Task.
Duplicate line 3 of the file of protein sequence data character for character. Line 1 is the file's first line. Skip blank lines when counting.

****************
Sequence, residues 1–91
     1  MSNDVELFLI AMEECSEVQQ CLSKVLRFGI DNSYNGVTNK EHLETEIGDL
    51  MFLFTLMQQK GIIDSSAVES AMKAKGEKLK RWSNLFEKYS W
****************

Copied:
    51  MFLFTLMQQK GIIDSSAVES AMKAKGEKLK RWSNLFEKYS W